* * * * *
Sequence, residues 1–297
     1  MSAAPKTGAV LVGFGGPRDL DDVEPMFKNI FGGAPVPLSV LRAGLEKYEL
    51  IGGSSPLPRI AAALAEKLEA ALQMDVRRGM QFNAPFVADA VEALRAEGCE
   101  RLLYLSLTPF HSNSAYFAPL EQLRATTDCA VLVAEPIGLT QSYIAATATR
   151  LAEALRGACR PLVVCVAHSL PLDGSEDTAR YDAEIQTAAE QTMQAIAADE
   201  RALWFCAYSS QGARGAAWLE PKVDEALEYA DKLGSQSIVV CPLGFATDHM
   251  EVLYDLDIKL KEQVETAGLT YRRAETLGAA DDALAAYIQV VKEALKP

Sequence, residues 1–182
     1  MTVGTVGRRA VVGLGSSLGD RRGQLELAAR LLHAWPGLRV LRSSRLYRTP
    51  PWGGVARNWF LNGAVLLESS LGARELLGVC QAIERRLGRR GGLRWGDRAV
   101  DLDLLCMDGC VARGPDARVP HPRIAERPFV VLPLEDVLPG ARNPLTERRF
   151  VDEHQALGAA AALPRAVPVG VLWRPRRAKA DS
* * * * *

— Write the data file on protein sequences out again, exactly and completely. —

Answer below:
Sequence, residues 1–297
     1  MSAAPKTGAV LVGFGGPRDL DDVEPMFKNI FGGAPVPLSV LRAGLEKYEL
    51  IGGSSPLPRI AAALAEKLEA ALQMDVRRGM QFNAPFVADA VEALRAEGCE
   101  RLLYLSLTPF HSNSAYFAPL EQLRATTDCA VLVAEPIGLT QSYIAATATR
   151  LAEALRGACR PLVVCVAHSL PLDGSEDTAR YDAEIQTAAE QTMQAIAADE
   201  RALWFCAYSS QGARGAAWLE PKVDEALEYA DKLGSQSIVV CPLGFATDHM
   251  EVLYDLDIKL KEQVETAGLT YRRAETLGAA DDALAAYIQV VKEALKP

Sequence, residues 1–182
     1  MTVGTVGRRA VVGLGSSLGD RRGQLELAAR LLHAWPGLRV LRSSRLYRTP
    51  PWGGVARNWF LNGAVLLESS LGARELLGVC QAIERRLGRR GGLRWGDRAV
   101  DLDLLCMDGC VARGPDARVP HPRIAERPFV VLPLEDVLPG ARNPLTERRF
   151  VDEHQALGAA AALPRAVPVG VLWRPRRAKA DS